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The last point of the previous section illustrates that in fMRI we may be interested in SingleICA
(unmixing dimension is timesubject) or in a MultipleICA if the multiple component is the
spatiotemporal dimension, the subject dimension being the unmixing dimension. For these two ways
of approaching ICA for multisubject experiments a rankone version of the ICA is certainly more
interesting. With the SingleICA model we would look for a rankone unmixing matrix (
)and with the MultipleICA model we will look for a rankone component (a
spatiotemporal component).
The first idea of getting a rankone component is in nested way
of performing analysis, to do it once the ICA is finished and in summarising the unmixing matrix
by it best rankone approximation by an SVD. Note that doing the same thing for the MultipleICA
approach (i.e. best approximation of the ICA component) one would not get necessary an
optimised negentropy! Note also that for the SingleICA the two steps are optimised separately but
that usually does not mean that the rankone unmixing is achieving maximum negentropy. This is
what we naturally did on figure 4 or when looking at the average timecourse a a
pothoc way of describing the result.
In order to achieve a better algorithm one have to rewrite the optimisation incorporating the
rankone ``constraint". For SingleICA that look really like a constraint as one wants the
unmixing matrix to be of rank one. With the MultipleICA approach it is different as one want the
component to be of rank one. This last one is more complicated, so we will focuses on the first
one which was also the most sensible approach for fMRI data.
A simple approach for rankoneSingleICA is to use a penalised SVD as describe in [4] and force
``smoothing" on the principal components during optimisation as to be issued from a rebuild from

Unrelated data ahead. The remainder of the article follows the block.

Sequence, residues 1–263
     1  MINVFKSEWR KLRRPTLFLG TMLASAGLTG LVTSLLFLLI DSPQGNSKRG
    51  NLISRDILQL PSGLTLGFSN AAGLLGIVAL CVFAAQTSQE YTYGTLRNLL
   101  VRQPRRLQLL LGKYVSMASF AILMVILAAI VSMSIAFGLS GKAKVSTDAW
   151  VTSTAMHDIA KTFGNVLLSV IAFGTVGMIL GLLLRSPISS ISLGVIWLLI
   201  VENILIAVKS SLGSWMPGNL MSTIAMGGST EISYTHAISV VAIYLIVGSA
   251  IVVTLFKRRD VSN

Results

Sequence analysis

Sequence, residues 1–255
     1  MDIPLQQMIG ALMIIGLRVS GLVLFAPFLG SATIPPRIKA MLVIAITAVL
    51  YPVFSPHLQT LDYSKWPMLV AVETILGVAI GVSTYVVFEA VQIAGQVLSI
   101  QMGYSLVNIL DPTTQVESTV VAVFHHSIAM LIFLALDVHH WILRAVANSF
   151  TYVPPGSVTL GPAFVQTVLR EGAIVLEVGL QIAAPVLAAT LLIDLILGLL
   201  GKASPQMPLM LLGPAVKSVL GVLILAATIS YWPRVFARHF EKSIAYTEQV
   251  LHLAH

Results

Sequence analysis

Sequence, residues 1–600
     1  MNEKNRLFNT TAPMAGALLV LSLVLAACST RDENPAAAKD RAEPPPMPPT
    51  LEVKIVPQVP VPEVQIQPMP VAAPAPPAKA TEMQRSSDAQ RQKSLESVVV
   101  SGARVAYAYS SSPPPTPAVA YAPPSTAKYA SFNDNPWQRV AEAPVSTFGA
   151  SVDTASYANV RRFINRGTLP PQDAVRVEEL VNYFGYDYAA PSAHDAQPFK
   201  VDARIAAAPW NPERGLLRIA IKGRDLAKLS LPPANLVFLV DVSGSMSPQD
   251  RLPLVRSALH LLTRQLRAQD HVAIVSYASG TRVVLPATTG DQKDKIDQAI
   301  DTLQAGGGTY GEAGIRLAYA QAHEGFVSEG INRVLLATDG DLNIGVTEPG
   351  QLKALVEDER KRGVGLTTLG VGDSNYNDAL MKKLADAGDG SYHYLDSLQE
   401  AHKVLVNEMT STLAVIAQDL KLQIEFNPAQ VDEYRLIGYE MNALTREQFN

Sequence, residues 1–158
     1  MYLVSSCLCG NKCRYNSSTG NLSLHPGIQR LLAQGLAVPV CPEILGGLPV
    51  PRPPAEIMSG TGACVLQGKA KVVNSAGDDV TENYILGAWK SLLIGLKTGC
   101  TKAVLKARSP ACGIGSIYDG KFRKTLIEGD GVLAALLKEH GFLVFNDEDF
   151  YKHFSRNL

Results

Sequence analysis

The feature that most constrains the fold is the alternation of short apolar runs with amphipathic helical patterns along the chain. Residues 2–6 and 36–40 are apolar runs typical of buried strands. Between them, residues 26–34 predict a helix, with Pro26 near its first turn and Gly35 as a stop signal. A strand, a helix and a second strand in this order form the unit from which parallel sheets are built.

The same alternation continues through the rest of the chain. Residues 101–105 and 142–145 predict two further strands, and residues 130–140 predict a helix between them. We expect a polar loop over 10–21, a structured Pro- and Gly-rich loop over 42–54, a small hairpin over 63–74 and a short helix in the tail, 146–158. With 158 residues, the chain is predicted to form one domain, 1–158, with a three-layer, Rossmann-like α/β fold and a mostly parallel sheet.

a one component ICA model. This was suggested by the equivalence (modulo some orthogonality
constraints) between penalised (smoothing as best rankone SVD) SVD and the PTA3modes. The
problem with this approach is that the ``smoothing" may violate too much the conditions for least
squares optimisation under smoothing constraint making the algorithm fails to converge [11].
Another rankoneSingleICA can be derived incorporating in the ICA algorithm a constraint on the
unmixing to be of rankone. This is done after every updating unmixing vector then alternating
uptdating the Newton algorithm for best direction and best least squares rankone approximation of
the unmixing vector put as a matrix
. Figure 5 shows one set
of components resulting from this approach. The problem here is that the unmixing vector length is
huge comparatively to dimension the data is susppected to lies in [2]. A dimension reduction is
usually done before ICA and the unmixing vector ``projected back" onto the original space. Because
of the rankone contraint here one has either not to reduce the dimension before ICA making
difficult to find ICA's in a raisonnable time or to try to incorporate this reduction anyway!
Figure 8:
rank one SingleICA by constraint in an ICA: ICA28 the best correlated timecourse

This heuristic looking approach can be in fact derived directly from the rewriting of the
optimisation problem as in [10] with a tensor of rank one as argument instead of a vector.
Next: Conclusions and Perspectives
Up: tr01dl1
Previous: Single and Multiple ICA
Didier Leibovici
20010906